Using databases to test methods for decision under uncertainty R. T. Haftka, R. I. Rosca, E. Nikolaidis September 2004
Introduction Decision under uncertainty Uncertain event Information Outcome Decision Consequence
Need unbiased and efficient testing approach for methods for decision under uncertainty • Decisions can be sensitive to modeling errors • Look good on paper but disappoint in practice • Tests can reveal weaknesses in methods that are difficult to identify by examining their theoretical foundations
Challenge • Large number of tests to obtain statistically meaningful results expensive to test methods • Proposed testing approach • Database with real life data • Invent decision scenario in which data represent outcomes of uncertain events/decisions • Use data to make decisions and evaluate payoffs
Database from student competition Competitor Rosca
Outline • Testing approach • Demonstration: Comparison of probability and possibility • Results and lessons learnt • Conclusion
1. Testing approach A Step A: Find database Evaluate payoff of decision using entire database Step B: Create decision scenario Step C: Select fitting* (learning) subset No Completed all replications? Fitting subset No: Select another fitting subset Yes Step D: Estimate probability of winning (or expected utility), draw conclusions Model uncertainties, make decision A * Fitting subset contains incomplete information available to decision maker
A. Select database Uncertain variables: Maximum built heights of Rosca and Competitor
B. Create decision scenarioVariables in database represent uncertainties Consequences Competitor's tower collapses Rosca wins Rosca builds stable tower with height, nguar nguar, Rosca losses Decision: Rosca chooses guarantee height, nguar Competitor builds stable tower with height nguar + handicap+1 Rosca losses Rosca's tower collapses Rorca must select guaranteed height and get a handicap in return. She wins if she builds the tower she promised and is at least as high as the competitor’s minus the handicap.
Testing approach: Steps C and D A Step A: Find database Find if Rosca wins or losses all combinations of heights in database Step B: Create decision scenario No Step C: Select fitting subset Completed all replications? No: Select another fitting subset Yes Step D: Estimate probability of winning, draw conclusions Model uncertainties, make decision A
Abundant databases -- different decision problems • Student academic records • Student design projects in undergraduate class on mechanisms
Probabilistic formulation Select nguar To max Gamma and normal PDF for max built height Possibilistic formulation Select nguar To max Triangular possibility distribution 2. Demonstration: Comparison of probability and possibility Probability maximizes right objective function: probability of winning. Fitting error in approximating discrete PDF of max built height with a standard PDF.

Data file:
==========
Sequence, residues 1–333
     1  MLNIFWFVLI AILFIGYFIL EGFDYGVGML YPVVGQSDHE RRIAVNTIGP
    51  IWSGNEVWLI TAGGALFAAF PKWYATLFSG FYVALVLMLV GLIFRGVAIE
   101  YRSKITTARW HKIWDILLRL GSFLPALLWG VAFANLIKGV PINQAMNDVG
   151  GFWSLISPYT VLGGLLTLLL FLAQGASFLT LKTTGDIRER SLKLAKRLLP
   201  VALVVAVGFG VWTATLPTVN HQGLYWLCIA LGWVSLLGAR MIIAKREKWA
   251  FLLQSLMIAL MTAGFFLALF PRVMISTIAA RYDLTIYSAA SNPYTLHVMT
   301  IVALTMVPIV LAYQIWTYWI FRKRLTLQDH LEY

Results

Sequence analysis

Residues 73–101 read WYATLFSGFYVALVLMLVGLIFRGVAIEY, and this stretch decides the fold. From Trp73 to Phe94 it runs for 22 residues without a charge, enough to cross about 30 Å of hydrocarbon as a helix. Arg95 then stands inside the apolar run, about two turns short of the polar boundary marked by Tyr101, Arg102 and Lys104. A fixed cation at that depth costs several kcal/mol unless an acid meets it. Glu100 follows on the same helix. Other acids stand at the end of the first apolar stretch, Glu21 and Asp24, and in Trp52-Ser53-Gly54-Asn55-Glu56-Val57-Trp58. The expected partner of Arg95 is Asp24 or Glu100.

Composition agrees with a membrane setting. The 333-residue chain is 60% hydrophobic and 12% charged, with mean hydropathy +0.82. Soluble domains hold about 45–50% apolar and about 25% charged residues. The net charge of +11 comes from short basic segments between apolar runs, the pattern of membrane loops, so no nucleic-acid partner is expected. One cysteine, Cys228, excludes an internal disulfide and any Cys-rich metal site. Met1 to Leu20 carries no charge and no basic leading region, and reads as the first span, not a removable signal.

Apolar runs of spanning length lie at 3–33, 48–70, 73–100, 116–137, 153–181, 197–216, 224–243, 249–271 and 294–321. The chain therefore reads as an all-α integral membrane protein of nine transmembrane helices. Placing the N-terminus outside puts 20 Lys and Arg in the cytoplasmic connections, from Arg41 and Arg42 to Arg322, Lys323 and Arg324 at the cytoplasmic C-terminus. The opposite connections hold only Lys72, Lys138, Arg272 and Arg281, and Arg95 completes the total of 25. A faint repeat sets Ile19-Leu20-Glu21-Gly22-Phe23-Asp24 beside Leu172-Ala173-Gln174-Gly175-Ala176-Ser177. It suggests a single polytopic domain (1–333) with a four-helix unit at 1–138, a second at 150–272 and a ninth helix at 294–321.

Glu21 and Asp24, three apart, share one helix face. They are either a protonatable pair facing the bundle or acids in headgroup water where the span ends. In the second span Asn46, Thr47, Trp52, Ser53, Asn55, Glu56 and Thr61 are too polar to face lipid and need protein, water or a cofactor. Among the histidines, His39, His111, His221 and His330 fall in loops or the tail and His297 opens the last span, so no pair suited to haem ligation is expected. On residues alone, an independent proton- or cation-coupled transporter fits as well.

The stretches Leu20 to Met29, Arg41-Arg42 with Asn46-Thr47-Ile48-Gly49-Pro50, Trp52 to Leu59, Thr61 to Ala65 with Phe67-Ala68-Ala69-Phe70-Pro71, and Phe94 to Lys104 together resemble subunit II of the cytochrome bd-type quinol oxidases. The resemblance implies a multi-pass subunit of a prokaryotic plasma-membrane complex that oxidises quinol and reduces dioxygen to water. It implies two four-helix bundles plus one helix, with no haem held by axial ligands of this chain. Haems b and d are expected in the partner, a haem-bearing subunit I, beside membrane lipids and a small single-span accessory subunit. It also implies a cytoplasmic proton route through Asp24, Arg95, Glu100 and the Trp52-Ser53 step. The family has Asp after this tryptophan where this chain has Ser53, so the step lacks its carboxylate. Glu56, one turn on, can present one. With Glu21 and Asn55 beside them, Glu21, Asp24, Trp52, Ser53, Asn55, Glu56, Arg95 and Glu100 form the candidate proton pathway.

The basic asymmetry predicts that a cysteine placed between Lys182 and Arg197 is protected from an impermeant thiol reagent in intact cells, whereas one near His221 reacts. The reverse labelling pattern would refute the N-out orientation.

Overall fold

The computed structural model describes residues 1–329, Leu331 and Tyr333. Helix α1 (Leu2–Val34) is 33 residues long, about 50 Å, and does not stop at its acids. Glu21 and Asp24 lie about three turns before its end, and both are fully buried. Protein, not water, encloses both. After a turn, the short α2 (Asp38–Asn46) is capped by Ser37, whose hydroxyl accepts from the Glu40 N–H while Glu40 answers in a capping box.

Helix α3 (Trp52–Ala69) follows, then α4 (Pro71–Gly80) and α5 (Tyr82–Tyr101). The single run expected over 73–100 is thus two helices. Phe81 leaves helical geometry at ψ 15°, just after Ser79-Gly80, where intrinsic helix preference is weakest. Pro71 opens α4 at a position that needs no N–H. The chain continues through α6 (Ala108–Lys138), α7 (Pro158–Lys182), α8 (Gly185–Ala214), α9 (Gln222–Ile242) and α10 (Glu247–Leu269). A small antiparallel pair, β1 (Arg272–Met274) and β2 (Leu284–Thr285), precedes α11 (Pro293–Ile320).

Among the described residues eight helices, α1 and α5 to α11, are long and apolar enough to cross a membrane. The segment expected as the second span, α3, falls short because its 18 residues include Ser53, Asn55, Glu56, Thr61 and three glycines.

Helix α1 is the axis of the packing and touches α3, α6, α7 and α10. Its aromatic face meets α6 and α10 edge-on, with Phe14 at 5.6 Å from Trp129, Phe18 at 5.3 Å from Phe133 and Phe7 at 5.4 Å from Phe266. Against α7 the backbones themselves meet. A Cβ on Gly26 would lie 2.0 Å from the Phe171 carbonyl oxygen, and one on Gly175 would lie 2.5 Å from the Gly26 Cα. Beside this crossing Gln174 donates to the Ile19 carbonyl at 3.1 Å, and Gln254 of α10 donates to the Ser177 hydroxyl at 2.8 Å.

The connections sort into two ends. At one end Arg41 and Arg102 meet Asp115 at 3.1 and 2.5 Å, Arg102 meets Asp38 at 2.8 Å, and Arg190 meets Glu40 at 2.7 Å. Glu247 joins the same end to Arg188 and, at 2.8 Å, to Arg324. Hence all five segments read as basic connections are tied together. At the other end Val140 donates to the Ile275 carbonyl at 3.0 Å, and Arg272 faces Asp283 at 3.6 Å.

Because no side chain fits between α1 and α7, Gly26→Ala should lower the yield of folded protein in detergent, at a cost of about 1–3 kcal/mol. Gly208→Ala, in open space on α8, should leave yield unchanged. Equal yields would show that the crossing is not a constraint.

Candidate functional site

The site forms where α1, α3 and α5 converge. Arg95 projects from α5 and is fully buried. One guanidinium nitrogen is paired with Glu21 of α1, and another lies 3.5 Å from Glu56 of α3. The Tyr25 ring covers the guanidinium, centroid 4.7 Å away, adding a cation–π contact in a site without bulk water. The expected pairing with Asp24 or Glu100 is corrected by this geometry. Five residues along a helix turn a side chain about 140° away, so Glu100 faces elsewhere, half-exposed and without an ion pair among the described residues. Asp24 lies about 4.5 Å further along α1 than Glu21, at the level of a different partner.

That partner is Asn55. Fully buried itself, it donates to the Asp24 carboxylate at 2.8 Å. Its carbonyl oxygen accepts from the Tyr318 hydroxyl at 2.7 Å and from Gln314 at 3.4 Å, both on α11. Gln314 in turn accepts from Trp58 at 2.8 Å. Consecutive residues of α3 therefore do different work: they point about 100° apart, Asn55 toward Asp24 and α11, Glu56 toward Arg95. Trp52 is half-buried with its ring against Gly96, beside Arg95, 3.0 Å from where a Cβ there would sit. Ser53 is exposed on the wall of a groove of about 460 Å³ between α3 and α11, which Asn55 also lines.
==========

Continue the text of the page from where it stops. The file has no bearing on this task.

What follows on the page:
Evaluation of consequences of a decision Database: 50 max built heights for Rosca, 90 heights for competitor For each decision, determine consequences for 5090=4,500 competitions Max possible number of decisions = Number of fitting datasets =
3. Results and lessons learnt • Rosca has all data in database
Observations • Little difference in performance of probability and possibility • Fitting error offsets natural advantage of probability
Effect of inflation of distributions • Epistemic uncertainty, inflate distribution
Observations • Inflation decreases likelihood of success • Opposite effect on optimum decision of two methods. • Increase uncertainty in Competitor performance: probabilistic optimum decreases, possibilistic optimum increases • Difference due to non additivity of possibility
Decision scenario accentuating difference in optimum decisions of two methods
Observations • Optimality condition: • Probability; equal derivatives of probability of Rosca’s success and Competitor’s failure. Focuses on hazard easier to control (Rosca fails to deliver guaranteed height). • Possibility; equal possibilities of Rosca’s success and Competitor’s failure. Non additivity of possibility responsible for difference. • Possibility yields counterintuitive results when uncertainty in Competitor’s performance is very high. Optimum dominated by largest uncertainty (Competitor’s performance).
Results and lessons learntRosca has 5 data points Rosca still knows that normal and Gamma distributions fit all data well.
Observations • Methods have practically same performance • Probability: type of probability distribution that fits all data is known • Possibility: decision maker cannot directly use information about type of probability distribution • Hybrid method (uncertainty in maximum built heights modeled using probability distributions; uncertainty in distribution parameters modeled using possibility distributions) could do better
4. Conclusion • Efficient testing approach for methods for decision under uncertainty • Uses real life data • Allows testing methods on many decisions and evaluate consequences for many outcomes of uncertain events • Abundant easily accessible databases from different fields • Can learn useful lessons from tests • Inflation of probability distributions counterproductive. Opposite effect on probabilistic and possibilistic optimum decision. • Identified weakness in possibilistic approach by accentuating difference between probability and possibility. Probability focuses on hazard easier to control; possibility does not. Cause: non additivity of possibility. • Small modeling errors can offset natural advantage of probability that it maximizes right objective function.